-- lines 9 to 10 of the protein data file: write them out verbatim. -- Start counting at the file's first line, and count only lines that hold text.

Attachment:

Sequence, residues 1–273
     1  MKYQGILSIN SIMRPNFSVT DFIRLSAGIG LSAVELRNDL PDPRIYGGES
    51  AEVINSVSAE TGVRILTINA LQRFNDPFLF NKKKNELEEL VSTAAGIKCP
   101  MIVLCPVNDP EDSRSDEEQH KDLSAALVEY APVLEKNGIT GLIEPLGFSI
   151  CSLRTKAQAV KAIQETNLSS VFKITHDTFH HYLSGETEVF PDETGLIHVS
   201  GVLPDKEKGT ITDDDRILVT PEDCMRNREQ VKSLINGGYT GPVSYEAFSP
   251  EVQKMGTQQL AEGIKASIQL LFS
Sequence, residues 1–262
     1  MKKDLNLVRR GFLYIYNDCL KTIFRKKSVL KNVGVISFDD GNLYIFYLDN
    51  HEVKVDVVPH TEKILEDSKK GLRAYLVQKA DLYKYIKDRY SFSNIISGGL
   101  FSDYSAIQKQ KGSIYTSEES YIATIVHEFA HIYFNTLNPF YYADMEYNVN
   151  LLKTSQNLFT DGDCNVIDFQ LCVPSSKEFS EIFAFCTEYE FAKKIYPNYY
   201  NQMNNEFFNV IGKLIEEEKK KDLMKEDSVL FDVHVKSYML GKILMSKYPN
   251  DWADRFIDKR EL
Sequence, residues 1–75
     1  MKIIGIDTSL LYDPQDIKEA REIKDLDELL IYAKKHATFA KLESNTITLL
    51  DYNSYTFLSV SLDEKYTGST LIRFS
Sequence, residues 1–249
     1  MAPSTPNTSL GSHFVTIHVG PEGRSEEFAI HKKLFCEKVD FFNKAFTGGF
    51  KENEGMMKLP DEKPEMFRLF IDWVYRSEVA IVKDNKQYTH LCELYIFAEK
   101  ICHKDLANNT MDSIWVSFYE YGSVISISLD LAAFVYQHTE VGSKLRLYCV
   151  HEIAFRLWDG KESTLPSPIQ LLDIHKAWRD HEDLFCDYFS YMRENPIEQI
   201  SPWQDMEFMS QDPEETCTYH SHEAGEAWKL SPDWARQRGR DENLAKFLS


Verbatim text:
     1  MKKDLNLVRR GFLYIYNDCL KTIFRKKSVL KNVGVISFDD GNLYIFYLDN
    51  HEVKVDVVPH TEKILEDSKK GLRAYLVQKA DLYKYIKDRY SFSNIISGGL